A CV longer than 4 pages is excessive and lacks user-friendliness, and requires more attention regarding the level of detail you've provided or the style of formatting you've selected. Here's how you can effectively shorten the length of your CV without detracting from your achievements:
Delete Personal Information
There's guidance on this in our blog post What You Don't Need In Your CV, it is worth reading but in the meantime make sure you delete the personal information which is absolutely not required in your CV such as age, marital status, ethnicity and references.
Tailor Every Application - Key Phrases
It's really important that you tailor your CV for every application. Do your research on the employer and consider the key requirements in the job specification, this will help you identify key phrases to include in your CV which make your achievements leap off the page. Be relevant to be selected.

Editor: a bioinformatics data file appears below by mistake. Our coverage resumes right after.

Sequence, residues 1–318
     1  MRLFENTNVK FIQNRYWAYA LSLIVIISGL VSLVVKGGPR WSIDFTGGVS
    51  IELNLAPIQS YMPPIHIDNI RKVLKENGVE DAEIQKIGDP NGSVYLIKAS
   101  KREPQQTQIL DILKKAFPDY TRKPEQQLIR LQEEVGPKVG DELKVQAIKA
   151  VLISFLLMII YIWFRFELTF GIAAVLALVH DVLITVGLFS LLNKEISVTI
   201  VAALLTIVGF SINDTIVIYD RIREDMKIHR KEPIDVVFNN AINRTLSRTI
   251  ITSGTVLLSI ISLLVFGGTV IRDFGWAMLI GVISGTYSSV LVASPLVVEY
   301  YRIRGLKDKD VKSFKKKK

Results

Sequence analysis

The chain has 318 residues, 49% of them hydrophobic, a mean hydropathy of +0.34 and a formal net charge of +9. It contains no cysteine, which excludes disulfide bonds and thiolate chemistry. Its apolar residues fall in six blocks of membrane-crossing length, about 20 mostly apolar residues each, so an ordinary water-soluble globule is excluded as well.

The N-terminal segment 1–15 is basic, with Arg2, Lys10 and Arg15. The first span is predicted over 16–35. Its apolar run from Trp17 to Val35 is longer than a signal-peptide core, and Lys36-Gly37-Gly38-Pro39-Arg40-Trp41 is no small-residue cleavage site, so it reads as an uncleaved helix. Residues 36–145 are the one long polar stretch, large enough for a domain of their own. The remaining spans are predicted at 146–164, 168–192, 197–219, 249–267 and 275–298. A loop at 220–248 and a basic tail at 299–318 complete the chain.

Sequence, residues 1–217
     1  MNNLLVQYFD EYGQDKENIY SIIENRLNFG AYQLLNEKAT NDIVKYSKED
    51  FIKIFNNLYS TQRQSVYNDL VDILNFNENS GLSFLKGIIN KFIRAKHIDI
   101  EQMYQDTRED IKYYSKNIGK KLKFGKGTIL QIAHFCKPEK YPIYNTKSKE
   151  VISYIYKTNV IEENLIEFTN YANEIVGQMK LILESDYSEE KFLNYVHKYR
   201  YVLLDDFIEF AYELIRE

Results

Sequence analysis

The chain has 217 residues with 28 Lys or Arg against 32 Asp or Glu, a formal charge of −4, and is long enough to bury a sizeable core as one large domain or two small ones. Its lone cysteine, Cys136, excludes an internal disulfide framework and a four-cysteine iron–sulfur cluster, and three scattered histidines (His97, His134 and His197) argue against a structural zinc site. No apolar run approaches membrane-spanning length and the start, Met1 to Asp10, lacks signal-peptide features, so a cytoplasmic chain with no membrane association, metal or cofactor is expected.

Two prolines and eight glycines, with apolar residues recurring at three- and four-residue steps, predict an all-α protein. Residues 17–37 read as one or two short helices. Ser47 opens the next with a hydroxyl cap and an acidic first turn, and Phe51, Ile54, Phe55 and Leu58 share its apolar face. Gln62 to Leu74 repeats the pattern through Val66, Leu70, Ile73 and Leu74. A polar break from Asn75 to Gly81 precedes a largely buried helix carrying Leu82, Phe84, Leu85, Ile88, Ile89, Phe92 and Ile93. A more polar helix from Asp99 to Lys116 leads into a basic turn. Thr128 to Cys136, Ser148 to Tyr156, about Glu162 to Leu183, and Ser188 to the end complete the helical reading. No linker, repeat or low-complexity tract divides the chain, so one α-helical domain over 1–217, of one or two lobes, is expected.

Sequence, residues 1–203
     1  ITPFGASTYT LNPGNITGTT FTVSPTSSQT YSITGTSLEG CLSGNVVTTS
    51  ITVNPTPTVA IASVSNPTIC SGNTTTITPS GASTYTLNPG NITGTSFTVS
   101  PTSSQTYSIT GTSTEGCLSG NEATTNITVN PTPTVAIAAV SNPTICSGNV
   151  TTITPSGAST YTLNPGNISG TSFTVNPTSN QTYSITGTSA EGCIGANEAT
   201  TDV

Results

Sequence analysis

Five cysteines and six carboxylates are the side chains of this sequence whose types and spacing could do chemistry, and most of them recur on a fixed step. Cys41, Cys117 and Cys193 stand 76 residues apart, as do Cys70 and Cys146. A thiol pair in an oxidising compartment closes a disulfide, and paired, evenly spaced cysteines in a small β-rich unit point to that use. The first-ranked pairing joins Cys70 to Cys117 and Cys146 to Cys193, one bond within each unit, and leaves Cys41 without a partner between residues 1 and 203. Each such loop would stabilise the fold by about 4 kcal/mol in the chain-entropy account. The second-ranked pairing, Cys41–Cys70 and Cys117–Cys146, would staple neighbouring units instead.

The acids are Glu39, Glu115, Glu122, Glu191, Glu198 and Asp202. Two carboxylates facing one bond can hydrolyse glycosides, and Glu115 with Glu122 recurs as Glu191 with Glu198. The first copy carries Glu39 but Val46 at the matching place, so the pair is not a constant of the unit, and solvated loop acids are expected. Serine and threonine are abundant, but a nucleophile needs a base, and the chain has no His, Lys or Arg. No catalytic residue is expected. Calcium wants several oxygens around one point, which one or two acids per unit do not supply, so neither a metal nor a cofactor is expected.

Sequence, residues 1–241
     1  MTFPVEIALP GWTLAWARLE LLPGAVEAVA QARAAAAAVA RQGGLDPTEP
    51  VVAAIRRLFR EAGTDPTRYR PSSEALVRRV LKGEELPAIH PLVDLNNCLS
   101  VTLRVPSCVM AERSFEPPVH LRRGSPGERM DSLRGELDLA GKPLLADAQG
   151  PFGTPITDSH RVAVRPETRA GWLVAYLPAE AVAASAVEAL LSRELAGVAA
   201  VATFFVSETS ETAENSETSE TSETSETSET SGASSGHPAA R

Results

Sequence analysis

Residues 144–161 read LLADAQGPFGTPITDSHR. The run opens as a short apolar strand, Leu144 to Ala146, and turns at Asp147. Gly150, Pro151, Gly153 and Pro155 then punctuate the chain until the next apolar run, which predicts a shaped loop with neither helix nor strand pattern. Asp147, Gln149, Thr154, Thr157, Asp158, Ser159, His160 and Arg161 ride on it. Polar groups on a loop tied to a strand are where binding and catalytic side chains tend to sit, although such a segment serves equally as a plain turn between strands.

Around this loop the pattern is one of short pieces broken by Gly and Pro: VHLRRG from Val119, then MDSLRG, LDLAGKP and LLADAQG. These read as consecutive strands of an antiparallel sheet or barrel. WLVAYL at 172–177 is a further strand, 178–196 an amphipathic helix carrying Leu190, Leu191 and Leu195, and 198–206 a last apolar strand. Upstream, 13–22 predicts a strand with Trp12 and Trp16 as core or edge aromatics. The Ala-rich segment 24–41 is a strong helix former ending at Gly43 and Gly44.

Remove Duplicate Content
When checking your CV for grammar and spelling errors duplicate content often slips through the net for a couple of reasons.
- The misunderstanding that repetition reinforces significance - it doesn't. You don't need to repeat yourself, just make sure you draw the reader's attention to your most relevant significant achievements as early in the CV document as possible.
- Qualifications - there's no need to include an HND in Electrical Engineering if you also have a degree in the same subject. Focus on providing detail for the highest academic achievement.
Concise Personal Statement
An effective personal statement should be no longer than three sentences or four lines of text. This is where you shout about your relevance for the role by talking up your unique selling point. Provide tangible evidence that will grab the reader's attention and avoid the common pitfall of self-diagnosis.